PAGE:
In the last two posts, we discussed how a good vocabulary will help you successfully apply for jobs, ace the job interviews, and work your way up in your field to achieve success. This applies in any field, whether nonprofit, for-profit, scientific, or academic. In fact, it’s even more true for this last category, especially if you have any interest in a career in pedagogy. Because knowledge is primarily communicated via words in most instructional settings, you’ll need to have as many words as possible at your fingertips to be able to teach what you know.
One of the most important things a new teacher discovers is that people have different styles of learning, and it’s important to present information in ways they will understand. That’s why the study of pedagogy (the science, theory, and practice of instructional techniques) is part of any curriculum designed to train people how to be teachers. The classes in teacher training will usually cover topics such as strategies to identify an individual student’s learning goals, ways of presenting information to appeal to students at a variety of ages, methods of encouraging active learning and research in the classroom, and hints on how to help students overcome any problems they’re having with the learning process.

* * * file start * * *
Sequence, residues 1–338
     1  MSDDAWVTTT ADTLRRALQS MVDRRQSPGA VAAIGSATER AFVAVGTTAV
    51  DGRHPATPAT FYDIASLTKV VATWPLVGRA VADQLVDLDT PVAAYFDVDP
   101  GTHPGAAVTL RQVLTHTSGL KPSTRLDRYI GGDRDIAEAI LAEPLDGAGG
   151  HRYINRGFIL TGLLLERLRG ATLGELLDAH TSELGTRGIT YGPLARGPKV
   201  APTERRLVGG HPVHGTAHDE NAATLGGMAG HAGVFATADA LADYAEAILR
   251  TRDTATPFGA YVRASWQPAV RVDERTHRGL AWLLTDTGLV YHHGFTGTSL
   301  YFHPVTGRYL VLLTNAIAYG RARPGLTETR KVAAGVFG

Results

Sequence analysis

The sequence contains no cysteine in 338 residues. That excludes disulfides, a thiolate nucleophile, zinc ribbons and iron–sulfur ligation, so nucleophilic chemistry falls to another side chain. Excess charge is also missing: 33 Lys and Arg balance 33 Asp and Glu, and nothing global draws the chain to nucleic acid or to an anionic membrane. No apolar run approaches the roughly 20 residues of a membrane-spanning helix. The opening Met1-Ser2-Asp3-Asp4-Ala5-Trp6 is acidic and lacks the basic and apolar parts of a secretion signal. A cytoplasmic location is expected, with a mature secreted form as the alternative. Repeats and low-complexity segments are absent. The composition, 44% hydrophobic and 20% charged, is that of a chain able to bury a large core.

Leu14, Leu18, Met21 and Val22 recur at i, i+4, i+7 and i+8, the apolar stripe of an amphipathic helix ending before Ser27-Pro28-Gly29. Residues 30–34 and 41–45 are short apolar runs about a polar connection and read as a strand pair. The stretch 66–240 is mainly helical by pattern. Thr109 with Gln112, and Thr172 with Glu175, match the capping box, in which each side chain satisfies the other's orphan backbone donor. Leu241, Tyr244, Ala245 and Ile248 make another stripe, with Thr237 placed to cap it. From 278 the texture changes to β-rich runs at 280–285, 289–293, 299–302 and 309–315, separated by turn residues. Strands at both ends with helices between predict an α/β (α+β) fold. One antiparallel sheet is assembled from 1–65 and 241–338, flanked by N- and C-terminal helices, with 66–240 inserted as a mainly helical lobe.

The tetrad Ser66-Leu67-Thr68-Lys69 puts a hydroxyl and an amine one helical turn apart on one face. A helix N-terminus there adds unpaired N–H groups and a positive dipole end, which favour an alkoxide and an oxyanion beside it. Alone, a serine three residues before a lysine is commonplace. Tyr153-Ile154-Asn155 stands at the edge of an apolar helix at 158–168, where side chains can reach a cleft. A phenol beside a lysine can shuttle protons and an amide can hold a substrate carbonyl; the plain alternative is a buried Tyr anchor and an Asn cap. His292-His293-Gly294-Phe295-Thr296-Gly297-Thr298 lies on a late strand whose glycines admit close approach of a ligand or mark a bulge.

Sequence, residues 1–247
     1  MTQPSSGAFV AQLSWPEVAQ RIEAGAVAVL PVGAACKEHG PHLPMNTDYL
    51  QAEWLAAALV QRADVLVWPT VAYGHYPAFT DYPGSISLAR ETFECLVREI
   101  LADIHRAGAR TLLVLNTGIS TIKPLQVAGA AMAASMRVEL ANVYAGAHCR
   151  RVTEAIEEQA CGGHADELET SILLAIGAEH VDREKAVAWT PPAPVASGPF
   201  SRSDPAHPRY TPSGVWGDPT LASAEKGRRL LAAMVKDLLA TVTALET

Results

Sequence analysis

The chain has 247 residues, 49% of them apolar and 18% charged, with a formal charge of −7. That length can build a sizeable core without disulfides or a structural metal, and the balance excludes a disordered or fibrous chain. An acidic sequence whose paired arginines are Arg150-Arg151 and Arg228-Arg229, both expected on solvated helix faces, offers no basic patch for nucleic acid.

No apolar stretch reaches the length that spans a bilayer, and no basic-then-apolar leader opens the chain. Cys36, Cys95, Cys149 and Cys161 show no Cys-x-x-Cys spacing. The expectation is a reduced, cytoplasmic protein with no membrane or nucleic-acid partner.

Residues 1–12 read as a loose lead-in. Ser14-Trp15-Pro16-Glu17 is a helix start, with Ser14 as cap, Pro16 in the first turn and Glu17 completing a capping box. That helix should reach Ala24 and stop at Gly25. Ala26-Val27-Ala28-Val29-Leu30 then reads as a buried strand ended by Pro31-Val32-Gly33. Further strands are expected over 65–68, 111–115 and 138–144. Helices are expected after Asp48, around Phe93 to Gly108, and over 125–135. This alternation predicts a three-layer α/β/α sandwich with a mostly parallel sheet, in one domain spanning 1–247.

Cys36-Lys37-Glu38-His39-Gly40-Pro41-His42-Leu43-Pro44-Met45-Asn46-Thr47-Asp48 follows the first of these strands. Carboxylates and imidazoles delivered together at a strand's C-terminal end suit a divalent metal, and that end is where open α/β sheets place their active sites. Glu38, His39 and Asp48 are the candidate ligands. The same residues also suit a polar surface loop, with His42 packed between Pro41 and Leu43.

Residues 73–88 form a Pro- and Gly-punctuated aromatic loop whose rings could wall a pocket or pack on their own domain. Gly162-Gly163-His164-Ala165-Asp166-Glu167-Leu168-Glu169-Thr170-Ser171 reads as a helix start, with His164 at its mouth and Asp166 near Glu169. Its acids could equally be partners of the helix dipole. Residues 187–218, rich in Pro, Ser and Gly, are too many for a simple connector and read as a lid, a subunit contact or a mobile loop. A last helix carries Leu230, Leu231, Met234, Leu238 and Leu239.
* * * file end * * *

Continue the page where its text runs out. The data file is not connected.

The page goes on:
If you’re going to be an English teacher, you’ll learn about the best ways to teach vocabulary words to students. In order to do this, you’ll have to be completely familiar with vocabulary study yourself. You’ll need to be comfortable using vocabulary resources like dictionaries and thesauruses (both print and on-line) and able to use all of their components, including phonetic pronunciation and syllabification. Not only that, but you’ll have to understand them well enough to be able to explain them to your students. You might have to explain terms and concepts in simpler ways to help them understand, so you’ll need to be able to use synonyms of more technical or difficult words. You might want to brush up on your artistic skills so that you can create visual images to help students understand a word, or focus on teaching them how to figure out a word’s meaning by reading it in the context of a phrase or paragraph.
In order to keep your skills sharp, don’t forget to practice all of these techniques yourself, and keep adding new words to your vocabulary every day.